Croatia Continues to Make Improvements in Business Regulatory Reforms

According to the newest report of the World Bank „Doing Buisness 2016“, Croatia is ranked at 40th place out of 189 world countries.

 

Croatia got the maximum score in trading across borders, while the improvements in rank have been made in the indicators of starting a business and registering property. Croatia is also highly ranked at 10th place according to the indicator of enforcing contracts and protecting minority investors at 29th place.

 

According to the DB Report Croatia has made it easier to enforce contracts and judgements by introducing an electronic system to handle public sales of movable assets and by streamlining the enforcement process as a whole. In particular, Croatia scores particularly well on the new quality of judicial administration index, where it obtains the maximum possible score on the sub-index analyzing the local court structures (5 out of 5 points) indicating, among others, that the economy has dedicated systems in place to solve commercial cases and small claims. Croatia is also one of only 6 economies that score 5.5 out of 6 points on the new sub-index examining the use of case management techniques. In the Registering Property indicator, Croatia’s ranking improved due to the introduction of the new quality of land administration index, where Croatia ranks at the top quartile of economies. In the Dealing with Construction Permits indicator, Croatia introduced the new building quality control index and scored 12 out of 15 possible points. Croatia does particularly well on quality of building regulations, quality control during and after construction and in professional certification requirements, states the World Bank.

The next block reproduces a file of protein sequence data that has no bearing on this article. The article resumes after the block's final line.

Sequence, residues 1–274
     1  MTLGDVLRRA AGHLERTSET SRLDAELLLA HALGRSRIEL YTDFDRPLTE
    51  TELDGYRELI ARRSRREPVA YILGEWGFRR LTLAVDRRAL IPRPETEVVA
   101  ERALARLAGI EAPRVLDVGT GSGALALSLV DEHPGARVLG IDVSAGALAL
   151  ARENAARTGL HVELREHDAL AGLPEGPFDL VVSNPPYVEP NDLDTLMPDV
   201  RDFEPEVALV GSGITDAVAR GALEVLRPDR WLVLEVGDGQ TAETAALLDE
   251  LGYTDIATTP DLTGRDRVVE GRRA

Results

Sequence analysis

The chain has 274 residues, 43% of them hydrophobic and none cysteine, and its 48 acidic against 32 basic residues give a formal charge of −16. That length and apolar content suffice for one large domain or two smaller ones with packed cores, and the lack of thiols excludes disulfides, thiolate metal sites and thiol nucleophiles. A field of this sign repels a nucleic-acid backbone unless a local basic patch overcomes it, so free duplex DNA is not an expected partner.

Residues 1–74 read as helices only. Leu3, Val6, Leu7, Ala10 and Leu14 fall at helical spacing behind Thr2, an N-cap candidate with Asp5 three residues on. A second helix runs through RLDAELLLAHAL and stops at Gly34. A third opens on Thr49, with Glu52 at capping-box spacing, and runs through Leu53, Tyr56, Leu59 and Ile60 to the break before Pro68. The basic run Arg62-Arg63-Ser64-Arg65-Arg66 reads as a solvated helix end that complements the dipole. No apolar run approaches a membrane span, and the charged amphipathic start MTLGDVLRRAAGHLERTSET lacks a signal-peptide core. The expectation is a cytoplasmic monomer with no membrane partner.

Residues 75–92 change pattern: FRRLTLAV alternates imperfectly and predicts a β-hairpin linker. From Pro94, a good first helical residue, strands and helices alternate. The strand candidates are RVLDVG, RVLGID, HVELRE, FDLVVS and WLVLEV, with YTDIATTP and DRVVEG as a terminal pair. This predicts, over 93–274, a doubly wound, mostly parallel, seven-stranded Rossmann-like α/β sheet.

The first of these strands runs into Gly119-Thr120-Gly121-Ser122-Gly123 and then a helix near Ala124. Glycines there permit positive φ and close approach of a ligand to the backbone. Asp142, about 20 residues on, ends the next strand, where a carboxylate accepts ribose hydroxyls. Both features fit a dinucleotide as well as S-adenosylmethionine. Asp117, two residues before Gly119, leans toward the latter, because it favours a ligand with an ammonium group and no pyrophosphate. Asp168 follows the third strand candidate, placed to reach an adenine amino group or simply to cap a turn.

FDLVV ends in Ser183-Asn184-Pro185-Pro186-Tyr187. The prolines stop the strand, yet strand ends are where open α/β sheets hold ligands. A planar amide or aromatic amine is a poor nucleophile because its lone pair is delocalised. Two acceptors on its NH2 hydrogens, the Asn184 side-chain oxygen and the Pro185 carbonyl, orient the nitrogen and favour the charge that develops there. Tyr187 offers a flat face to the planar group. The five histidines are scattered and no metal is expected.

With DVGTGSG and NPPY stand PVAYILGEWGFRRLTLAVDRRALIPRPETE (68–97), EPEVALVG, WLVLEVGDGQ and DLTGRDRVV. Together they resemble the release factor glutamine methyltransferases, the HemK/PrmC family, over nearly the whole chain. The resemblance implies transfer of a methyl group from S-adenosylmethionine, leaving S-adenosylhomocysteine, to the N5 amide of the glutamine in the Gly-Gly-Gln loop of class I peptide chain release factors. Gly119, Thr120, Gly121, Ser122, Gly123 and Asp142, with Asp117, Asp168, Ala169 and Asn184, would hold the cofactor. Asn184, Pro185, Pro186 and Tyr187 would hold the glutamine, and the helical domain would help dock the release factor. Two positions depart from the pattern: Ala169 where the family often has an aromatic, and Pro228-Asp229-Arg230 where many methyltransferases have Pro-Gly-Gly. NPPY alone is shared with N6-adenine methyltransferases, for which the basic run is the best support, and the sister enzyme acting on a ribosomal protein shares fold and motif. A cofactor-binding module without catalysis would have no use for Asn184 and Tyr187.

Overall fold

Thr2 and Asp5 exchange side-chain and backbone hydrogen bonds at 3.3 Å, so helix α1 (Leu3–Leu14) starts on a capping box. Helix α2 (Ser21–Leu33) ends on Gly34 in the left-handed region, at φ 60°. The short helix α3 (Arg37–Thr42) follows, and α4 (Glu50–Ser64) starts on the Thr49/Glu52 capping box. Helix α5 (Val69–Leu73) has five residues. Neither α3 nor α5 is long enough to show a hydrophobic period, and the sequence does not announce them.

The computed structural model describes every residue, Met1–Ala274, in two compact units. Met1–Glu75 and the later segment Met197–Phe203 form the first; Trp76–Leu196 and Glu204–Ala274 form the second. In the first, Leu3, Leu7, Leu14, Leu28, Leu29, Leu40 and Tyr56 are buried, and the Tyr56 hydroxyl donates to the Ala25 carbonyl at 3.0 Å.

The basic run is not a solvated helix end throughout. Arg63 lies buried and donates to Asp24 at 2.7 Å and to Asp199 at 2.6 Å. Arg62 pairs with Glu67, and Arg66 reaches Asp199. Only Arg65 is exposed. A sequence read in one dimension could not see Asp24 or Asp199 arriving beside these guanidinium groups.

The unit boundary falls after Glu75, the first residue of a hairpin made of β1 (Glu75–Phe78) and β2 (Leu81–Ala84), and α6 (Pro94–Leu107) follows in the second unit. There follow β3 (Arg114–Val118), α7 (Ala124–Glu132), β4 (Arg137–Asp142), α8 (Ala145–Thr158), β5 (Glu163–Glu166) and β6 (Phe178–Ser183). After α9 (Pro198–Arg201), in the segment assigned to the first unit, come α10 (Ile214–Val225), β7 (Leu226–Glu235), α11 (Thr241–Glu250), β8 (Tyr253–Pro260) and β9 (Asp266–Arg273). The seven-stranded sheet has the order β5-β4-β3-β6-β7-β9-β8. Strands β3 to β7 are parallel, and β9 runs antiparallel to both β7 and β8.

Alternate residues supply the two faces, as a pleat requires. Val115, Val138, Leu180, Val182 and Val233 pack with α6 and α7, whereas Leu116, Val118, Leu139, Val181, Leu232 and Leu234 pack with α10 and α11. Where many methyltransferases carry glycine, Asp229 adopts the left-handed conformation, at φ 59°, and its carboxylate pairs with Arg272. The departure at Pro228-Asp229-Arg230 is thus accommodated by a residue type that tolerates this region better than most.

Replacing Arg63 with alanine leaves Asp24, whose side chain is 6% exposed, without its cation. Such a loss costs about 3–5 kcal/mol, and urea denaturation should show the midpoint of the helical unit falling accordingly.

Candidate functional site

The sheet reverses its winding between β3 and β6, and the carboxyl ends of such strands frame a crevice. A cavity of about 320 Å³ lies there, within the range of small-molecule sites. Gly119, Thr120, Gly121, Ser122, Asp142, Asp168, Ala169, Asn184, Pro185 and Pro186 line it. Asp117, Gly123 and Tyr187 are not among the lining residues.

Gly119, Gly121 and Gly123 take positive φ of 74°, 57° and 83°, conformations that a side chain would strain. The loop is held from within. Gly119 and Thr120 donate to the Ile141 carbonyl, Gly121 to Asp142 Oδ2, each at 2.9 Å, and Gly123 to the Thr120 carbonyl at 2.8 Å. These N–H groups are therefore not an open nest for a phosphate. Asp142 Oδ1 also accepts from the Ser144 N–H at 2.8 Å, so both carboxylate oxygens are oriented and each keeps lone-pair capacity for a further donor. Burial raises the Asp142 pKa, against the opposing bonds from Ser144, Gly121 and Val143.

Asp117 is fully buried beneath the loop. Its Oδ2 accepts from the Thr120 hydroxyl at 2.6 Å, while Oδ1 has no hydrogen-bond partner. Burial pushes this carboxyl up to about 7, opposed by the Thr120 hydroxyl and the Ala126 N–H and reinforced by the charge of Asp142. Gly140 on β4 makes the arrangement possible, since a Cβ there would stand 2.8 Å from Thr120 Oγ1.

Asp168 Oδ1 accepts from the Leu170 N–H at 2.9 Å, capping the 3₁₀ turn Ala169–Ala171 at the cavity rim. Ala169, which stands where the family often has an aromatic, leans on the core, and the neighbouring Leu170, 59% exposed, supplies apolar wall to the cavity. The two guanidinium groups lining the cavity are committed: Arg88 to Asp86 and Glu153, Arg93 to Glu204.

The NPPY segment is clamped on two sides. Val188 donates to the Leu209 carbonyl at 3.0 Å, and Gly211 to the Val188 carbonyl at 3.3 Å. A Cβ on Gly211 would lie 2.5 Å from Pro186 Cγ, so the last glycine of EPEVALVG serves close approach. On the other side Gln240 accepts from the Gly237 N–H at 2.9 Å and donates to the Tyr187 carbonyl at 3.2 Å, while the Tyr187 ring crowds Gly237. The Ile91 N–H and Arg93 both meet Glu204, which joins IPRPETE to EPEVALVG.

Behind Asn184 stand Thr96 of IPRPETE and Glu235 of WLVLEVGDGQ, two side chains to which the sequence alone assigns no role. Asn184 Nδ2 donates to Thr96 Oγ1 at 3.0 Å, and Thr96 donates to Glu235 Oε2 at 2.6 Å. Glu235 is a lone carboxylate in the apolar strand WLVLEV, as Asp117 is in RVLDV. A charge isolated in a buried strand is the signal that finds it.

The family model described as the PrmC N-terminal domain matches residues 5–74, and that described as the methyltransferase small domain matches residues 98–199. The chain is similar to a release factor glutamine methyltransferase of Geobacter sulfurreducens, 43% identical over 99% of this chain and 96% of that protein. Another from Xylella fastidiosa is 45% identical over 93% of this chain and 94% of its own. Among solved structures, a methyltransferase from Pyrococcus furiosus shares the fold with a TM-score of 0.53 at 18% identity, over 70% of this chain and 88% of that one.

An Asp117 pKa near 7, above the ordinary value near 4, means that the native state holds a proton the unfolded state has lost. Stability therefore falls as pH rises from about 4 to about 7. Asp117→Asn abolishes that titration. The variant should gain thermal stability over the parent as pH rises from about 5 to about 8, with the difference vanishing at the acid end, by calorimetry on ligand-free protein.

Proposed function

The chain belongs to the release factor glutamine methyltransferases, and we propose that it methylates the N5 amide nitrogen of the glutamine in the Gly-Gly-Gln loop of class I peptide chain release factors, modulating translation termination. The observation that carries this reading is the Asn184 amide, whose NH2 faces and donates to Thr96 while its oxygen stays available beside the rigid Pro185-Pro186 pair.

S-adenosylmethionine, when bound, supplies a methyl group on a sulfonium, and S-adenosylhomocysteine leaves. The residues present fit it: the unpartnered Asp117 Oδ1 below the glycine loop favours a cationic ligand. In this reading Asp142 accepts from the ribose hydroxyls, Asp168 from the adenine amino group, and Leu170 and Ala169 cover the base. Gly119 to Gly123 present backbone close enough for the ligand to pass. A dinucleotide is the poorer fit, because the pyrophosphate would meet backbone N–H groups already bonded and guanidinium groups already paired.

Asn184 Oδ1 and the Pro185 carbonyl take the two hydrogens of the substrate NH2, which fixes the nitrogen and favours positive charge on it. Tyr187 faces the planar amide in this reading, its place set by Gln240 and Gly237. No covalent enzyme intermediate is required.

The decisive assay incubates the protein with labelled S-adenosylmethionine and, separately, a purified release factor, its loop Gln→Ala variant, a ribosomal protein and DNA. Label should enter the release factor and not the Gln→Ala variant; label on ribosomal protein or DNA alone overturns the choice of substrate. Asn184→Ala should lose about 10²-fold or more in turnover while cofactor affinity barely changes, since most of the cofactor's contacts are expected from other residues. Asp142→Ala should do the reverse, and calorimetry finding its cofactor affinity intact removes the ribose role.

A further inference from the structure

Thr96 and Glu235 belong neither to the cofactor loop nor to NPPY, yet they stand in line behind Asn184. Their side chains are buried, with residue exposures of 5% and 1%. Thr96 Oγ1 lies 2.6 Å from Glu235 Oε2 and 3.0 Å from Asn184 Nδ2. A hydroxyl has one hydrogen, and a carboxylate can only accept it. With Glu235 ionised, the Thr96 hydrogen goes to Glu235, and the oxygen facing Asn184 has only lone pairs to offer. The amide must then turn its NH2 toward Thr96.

Doing Business sheds light on how easy or difficult it is for a local entrepreneur to open and run a small to medium-size business when complying with relevant regulations. It measures and tracks changes in regulations affecting 11 areas in the life cycle of a business: starting a business, dealing with construction permits, getting electricity, registering property, getting credit, protecting minority investors, paying taxes, trading across borders, enforcing contracts and resolving insolvency and labor market regulation.